9. Banned Plugins – GoDaddy Bans Caching, Backup, Stat Plugins
GoDaddy bans many plugins while SiteGround does not.
Even though GoDaddy bans caching plugins, you can use WP Rocket and many other premium cache plugins. Cache plugins do a lot more than caching and you want those extra optimizations.
10. Data Centers – SiteGround Has 6, GoDaddy Has 9
You want to choose a data center geographically close to your visitors so your TTFB is faster (shown in KeyCDN’s performance test).
SiteGround at least lets you choose your data at checkout while GoDaddy does not. If they don’t have a data center close to your visitors, it’s important enough to consider another host.
SiteGround Data Centers:
|Council Bluff, Iowa (US)||Frankfurt (DE)|
|London (UK)||Singapore (SG)|
|Eemshaven (NL)||Sydney (AU)|
GoDaddy Data Centers:
|Phoenix, Arizona (USA)||Los Angeles (USA)||Virginia (USA)|
|Scottsdale (USA)||Chicago (USA)||Amsterdam (Europe)|
|Mesa (USA)||Ashburn (USA)||Singapore (Asia)|
11. Uptimes – SiteGround’s Is Better
As much as I dislike SiteGround, I’ll admit when they’re doing something right and uptimes is one of them. But if you exceed CPU limits and they take down your website, then it’ll be down.
But GoDaddy, not so much. You can check their DownDetector profile and they usually have several reports even when looking at the last 24 hours. GoDaddy claims to have a 99.9% uptime guarantee, so read their terms and conditions and get your money refunded if it’s anything less.
12. Ethics – SiteGround Has Become Very Unethical
Why do I think SiteGround is unethical?
- They rarely (if every) take accountability for anything.
- They banned certain countries because they don’t make enough money.
- Their affiliate TOS lets SiteGround legally threaten people who write bad reviews.
- Their community manager/affiliates are admins for Facebook Groups and remove posts.
- They constantly cut costs (multiple price increases, no free migration, hiding support, reducing support, ditching cPanel, moving priority support from GrowBig to GoGeek, etc).
13. Migrations – Both Are Paid Services
SiteGround used to offer free migrations but now it’s $30/site.
GoDaddy’s migration cost is likely based on your website since they provide instructions, then at the bottom of the page, tell you their specialists can help with a link to their hosting services.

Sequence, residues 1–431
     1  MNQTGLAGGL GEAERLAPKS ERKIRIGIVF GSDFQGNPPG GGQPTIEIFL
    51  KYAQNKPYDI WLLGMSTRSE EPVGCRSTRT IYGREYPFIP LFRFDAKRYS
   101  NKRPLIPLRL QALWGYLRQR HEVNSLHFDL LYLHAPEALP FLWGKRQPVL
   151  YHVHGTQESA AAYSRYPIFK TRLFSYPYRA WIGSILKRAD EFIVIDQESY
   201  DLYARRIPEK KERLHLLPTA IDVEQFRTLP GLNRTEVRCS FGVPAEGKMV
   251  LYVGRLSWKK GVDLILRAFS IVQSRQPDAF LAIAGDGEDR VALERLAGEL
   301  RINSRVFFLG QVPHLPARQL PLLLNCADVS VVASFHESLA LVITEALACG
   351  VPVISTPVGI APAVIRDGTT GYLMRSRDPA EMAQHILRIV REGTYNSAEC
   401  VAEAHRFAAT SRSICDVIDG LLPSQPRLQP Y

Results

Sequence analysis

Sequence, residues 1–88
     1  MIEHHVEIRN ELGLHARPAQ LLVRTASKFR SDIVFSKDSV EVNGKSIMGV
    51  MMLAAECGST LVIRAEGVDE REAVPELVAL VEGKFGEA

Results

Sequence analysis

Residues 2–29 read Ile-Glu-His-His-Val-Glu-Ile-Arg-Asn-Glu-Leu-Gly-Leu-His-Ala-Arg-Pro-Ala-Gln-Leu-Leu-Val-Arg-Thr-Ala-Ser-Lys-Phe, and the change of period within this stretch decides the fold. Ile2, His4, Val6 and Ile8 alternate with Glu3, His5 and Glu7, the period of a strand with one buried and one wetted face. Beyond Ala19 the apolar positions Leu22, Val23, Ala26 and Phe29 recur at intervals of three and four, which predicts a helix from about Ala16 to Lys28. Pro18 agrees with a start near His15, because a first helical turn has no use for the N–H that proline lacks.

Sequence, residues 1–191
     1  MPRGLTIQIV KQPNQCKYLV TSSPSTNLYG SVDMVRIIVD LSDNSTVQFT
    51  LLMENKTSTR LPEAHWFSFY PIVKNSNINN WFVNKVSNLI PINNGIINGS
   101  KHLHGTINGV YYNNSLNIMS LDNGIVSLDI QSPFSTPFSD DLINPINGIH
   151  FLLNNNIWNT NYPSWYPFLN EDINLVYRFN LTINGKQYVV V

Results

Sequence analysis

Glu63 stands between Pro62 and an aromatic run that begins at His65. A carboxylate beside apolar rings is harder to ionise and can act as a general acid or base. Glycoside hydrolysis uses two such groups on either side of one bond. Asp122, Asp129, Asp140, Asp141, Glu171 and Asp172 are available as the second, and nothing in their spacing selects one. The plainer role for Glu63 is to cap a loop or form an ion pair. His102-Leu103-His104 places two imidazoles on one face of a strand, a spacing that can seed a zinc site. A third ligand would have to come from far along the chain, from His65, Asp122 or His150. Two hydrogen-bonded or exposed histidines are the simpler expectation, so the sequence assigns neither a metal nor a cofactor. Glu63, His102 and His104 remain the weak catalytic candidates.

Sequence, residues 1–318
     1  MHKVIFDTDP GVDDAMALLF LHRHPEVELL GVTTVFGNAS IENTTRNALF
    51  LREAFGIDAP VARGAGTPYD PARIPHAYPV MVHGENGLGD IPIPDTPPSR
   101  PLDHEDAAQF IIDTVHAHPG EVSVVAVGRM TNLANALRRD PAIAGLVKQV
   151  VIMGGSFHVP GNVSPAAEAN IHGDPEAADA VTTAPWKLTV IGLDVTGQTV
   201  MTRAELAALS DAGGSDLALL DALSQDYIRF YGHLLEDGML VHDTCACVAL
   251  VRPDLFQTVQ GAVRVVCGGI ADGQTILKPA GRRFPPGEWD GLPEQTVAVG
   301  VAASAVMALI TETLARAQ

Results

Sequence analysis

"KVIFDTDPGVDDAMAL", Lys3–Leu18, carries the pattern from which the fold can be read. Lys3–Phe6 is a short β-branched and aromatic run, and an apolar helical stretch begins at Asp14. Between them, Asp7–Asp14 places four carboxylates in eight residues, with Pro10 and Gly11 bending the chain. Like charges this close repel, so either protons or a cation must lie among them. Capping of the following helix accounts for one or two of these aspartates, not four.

14. Pricing – High Renewal Prices And Long-Term Contracts
SiteGround and GoDaddy have a similar pricing structure.
SiteGround offers the cheaper intro price for 1 year, then it renews yearly at roughly 2.5x the price. GoDaddy offers cheap intros only if you sign up for 3 years, then it renews for an entire 3 more years. You’ll get a huge bill at the end of your billing cycle on both, but GoDaddy is worse.
|SiteGround Plan||Intro Price||Renewal Price|
|GoDaddy Plan||Intro Price||Renewal Price|
15. TrustPilot Rating – Don’t Be Fooled By TrustPilot Reviews
SiteGround and GoDaddy both have decent TrustPilot ratings, but don’t be fooled.
When I left a bad review of SiteGround on TrustPilot, the review was immediately flagged by SiteGround even though it was 100% truthful. Plus, both SiteGround and GoDaddy’s support team funnel customers asking for TrustPilot reviews. Most of the reviews are actually solicited.
16. Alternatives (NameHero + Cloudways)
NameHero uses LiteSpeed servers, cPanel, has better support, and is just as cheap as SiteGround/GoDaddy. LiteSpeed servers are a newer, faster type of server rated highly in Facebook polls. This means you can use the free LiteSpeed Cache plugin which has excellent reviews and uses very fast server-side caching (it’s better than WP Rocket). They have great TrustPilot reviews, excellent feedback in Facebook Groups, and their CEO (Ryan) is a genuinely helpful guy who cares about customers – watch his YouTube videos or search Facebook groups.